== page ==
Are federal investigators looking into whether Twitter is strong-arming or trying to kill off third-party providers of apps and services for its microblogging platform?
That's what Business Insider's Nicholas Carlson and Dan Frommer are reporting Thursday afternoon.
(Also see: Is Twitter really worth more than $4 billion?)
According to their story, Twitter began hinting in the spring of last year that rather than continue allowing independent developers to provide Twitter users with applications such as management platforms, mobile applications and photo-sharing services, the company would begin supplying in-house apps for users.
Over the following year, Twitter followed-up on its promise. It acquired third-party Twitter clients such as Tweetie and TweetDeck, blessing them as "official" Twitter apps. Twitter also redesigned Twitter.com so that third-party video and photo-hosting sites no longer linked to off-Twitter sites, but kept users on Twitter. Twitter also banned third-party ad services.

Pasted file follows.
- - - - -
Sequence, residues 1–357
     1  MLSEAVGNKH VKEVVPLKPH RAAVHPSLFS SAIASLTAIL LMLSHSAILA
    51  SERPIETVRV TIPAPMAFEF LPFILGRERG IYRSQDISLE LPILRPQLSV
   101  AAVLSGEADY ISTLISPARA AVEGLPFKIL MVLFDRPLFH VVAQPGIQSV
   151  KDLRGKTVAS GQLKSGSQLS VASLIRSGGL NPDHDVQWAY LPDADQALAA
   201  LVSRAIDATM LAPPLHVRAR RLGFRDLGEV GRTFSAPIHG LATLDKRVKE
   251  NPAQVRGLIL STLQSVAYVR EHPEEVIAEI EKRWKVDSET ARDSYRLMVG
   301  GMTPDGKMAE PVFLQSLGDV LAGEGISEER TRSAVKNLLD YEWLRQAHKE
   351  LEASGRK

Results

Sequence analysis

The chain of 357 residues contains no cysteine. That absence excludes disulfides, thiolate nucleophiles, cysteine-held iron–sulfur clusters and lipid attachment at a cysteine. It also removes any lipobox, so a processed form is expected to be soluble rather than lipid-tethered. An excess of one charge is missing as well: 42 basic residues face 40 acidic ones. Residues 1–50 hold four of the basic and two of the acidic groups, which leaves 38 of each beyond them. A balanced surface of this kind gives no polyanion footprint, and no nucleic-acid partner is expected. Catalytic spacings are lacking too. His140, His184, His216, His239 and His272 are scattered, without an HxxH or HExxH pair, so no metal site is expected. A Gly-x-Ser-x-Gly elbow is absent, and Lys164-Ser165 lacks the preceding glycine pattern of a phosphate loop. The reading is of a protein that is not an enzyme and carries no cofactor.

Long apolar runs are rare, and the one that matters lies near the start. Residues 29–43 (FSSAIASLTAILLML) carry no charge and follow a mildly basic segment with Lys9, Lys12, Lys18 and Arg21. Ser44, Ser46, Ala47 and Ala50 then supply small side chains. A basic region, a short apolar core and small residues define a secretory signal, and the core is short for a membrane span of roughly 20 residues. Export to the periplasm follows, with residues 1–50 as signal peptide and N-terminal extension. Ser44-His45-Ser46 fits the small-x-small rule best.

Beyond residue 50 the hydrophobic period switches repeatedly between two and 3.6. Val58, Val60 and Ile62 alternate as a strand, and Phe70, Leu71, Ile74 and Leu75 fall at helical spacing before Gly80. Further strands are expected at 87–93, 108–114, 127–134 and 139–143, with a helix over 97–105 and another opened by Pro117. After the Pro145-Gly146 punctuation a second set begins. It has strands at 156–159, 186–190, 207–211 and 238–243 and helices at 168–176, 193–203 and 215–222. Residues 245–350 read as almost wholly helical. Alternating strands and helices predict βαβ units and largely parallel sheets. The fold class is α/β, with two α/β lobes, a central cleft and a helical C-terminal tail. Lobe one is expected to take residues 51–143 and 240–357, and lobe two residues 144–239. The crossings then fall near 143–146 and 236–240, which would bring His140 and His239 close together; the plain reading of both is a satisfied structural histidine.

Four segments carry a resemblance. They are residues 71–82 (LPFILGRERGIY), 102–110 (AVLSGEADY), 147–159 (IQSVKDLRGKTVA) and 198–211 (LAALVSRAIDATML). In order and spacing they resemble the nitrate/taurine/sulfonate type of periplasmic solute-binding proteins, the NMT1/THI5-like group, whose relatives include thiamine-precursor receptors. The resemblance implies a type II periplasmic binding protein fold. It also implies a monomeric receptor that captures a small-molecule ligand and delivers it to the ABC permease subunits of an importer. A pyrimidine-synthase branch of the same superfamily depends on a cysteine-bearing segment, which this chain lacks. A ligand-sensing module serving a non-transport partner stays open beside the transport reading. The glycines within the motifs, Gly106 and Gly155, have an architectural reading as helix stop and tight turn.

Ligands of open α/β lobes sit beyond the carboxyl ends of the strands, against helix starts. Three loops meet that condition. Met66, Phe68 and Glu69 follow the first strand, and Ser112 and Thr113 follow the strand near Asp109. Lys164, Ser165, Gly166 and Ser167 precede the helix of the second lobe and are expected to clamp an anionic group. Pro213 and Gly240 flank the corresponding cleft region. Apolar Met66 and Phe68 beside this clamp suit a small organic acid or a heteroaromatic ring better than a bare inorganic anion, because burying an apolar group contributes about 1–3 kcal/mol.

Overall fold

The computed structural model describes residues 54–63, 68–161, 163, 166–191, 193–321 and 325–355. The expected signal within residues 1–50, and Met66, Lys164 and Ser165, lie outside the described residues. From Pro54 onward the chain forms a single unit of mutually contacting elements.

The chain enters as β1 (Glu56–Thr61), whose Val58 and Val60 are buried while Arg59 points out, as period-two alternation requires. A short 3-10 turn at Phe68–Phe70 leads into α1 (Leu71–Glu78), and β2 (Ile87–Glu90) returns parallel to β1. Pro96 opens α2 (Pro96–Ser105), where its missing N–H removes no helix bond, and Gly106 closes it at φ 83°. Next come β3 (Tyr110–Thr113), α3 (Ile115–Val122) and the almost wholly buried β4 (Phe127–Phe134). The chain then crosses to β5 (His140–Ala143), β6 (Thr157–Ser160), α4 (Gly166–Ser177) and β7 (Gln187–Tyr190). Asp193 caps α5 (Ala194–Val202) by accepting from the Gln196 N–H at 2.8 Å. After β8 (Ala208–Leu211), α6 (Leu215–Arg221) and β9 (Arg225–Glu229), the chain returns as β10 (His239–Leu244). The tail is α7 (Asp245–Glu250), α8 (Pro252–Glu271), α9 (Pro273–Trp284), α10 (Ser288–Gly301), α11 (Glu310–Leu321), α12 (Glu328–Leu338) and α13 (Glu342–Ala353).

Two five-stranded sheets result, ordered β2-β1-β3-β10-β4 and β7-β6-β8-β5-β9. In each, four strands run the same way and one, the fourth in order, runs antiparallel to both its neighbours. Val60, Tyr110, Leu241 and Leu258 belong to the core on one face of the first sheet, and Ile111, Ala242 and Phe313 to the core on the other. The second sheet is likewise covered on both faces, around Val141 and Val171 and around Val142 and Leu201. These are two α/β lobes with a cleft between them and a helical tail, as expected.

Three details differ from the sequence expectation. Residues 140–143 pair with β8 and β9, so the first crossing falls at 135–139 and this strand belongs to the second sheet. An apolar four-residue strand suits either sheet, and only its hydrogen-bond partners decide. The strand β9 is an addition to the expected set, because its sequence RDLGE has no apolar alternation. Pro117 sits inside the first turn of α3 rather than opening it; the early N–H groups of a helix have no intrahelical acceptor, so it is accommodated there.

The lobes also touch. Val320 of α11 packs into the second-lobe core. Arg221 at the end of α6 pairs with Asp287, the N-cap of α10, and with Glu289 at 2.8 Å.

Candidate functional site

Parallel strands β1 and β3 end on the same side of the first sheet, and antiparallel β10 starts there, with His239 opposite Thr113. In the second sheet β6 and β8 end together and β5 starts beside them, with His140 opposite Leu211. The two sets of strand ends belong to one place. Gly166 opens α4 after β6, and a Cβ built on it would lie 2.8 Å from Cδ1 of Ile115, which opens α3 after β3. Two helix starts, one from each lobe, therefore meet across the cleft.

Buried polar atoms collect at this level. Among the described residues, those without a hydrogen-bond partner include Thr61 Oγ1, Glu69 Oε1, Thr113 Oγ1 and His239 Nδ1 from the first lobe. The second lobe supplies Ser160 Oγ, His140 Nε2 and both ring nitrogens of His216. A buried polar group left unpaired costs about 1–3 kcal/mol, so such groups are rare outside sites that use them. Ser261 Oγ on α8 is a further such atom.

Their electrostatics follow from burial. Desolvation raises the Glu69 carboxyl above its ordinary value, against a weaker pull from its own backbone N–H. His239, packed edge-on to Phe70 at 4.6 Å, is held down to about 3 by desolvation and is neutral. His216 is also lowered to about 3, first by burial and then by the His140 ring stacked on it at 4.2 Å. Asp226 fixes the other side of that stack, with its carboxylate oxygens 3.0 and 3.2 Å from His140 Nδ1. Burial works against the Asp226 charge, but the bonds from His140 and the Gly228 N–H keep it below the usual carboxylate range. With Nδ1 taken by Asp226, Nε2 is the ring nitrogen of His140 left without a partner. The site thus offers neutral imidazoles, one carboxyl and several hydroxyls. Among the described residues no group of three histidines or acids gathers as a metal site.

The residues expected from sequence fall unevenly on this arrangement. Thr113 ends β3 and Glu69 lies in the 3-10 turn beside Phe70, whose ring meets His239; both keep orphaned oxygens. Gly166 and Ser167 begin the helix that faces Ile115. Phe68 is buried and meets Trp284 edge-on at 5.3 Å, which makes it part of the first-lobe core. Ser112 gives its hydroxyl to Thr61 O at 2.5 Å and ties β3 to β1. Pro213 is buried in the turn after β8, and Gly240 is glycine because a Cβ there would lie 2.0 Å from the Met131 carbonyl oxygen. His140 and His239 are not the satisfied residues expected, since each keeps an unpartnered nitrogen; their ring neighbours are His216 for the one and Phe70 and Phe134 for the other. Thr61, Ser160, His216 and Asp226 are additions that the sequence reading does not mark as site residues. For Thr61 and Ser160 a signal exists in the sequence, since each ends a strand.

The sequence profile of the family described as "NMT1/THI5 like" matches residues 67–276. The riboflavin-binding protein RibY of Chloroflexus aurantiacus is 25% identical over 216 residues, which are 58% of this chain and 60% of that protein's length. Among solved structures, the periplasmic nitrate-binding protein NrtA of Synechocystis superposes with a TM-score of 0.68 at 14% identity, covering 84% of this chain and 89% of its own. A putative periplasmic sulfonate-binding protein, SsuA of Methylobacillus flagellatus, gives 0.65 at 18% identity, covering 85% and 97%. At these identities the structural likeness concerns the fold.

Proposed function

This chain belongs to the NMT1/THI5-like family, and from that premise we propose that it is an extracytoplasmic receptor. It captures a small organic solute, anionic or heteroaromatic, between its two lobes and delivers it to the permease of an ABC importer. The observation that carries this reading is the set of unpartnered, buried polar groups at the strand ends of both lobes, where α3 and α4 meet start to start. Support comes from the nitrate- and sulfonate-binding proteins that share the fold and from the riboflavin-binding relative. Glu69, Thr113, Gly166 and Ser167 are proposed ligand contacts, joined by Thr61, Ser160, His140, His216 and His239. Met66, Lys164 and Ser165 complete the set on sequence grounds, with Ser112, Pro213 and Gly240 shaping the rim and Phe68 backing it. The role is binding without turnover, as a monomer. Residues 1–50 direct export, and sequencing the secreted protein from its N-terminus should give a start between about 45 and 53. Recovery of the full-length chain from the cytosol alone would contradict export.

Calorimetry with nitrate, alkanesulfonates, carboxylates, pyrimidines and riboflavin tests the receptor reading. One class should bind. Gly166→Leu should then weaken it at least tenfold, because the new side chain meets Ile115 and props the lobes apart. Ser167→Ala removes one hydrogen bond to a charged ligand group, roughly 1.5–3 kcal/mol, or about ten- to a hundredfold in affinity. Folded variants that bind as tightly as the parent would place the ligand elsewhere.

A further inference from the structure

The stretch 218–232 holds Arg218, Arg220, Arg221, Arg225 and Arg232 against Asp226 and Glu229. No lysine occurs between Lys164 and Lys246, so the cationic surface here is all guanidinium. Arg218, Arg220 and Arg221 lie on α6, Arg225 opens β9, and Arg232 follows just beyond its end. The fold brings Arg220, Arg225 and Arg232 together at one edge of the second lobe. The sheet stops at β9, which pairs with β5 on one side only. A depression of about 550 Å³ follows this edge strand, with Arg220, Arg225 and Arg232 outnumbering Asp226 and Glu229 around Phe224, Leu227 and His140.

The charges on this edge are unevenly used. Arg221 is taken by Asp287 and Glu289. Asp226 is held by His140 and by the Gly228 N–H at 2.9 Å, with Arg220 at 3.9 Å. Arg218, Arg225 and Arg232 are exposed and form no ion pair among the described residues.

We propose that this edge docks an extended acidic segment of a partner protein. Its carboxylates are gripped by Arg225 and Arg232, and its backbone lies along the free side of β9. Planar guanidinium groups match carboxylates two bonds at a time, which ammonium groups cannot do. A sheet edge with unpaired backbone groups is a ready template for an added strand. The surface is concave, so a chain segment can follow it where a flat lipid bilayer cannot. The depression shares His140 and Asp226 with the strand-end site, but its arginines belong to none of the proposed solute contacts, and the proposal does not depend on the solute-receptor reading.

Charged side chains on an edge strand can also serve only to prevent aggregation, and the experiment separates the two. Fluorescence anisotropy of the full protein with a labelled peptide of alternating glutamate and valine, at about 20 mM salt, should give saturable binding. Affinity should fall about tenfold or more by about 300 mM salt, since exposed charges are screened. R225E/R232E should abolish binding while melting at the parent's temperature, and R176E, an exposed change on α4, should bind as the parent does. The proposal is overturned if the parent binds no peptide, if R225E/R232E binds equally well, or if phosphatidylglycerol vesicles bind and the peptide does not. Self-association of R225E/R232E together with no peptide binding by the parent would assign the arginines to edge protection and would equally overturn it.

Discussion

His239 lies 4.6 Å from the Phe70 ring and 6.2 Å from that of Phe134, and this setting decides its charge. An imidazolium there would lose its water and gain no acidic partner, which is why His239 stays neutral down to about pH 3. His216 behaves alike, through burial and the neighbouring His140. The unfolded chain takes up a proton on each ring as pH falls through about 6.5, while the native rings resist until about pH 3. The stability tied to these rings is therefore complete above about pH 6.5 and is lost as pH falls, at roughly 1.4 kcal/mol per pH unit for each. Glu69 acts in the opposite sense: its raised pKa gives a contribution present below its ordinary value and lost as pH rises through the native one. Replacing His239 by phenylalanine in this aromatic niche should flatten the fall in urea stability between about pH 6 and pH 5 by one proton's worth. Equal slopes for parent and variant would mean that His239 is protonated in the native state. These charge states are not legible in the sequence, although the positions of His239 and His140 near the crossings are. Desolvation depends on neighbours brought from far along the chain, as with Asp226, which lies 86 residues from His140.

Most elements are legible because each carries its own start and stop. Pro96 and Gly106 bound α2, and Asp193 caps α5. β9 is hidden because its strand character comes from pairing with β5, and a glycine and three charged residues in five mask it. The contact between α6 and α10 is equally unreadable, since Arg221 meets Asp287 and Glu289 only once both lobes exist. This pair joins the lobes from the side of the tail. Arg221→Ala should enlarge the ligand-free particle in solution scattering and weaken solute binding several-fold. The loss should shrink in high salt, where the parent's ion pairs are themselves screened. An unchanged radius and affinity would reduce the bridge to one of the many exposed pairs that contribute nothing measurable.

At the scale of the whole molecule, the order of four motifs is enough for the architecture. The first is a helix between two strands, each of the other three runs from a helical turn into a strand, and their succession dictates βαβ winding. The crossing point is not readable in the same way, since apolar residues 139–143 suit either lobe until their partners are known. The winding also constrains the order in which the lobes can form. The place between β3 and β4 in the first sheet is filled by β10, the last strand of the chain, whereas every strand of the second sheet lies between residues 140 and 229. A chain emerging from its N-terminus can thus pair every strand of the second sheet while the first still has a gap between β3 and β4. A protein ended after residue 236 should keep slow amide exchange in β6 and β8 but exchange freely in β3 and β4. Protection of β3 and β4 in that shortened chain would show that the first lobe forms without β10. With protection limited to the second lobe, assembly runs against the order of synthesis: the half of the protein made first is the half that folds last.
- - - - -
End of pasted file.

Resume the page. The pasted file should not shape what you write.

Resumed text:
One could argue that the microblogging service's goal was to provide some order to the Twitterverse and make things less confusing for users.
But one also could argue that Twitter's motive was less noble. From what Business Insider writes, Silicon Valley Internet entrepreneur Bill Gross might fall into the latter camp.
After launching a Twitter search engine called TweetUp (now known as UberMedia) early in 2010, Gross went on a Twitter app buying spree, according to Business Insider:
Eventually, his company got funding from Accel (Partners) with the idea that the money would be used to buy TweetDeck. It sort of looked like Gross might be planning to launch a Twitter competitor – or at least string his Twitter clients into their own monetized network.
TweetDeck is the most popular independent Twitter application. Make that "was" the most popular independent Twitter application, because just a few weeks ago Twitter bought TweetDeck for $40 million to $50 million. This, after UberMedia reportedly had a deal locked up in February to buy TweetDeck for $25 million to $30 million.
In addition, Twitter temporarily shut down several of its apps, presumably causing grief to Gross and UberMedia.
Is Twitter just playing hardball or playing unfairly? That's the question the FTC reportedly is trying to answer. Stay tuned.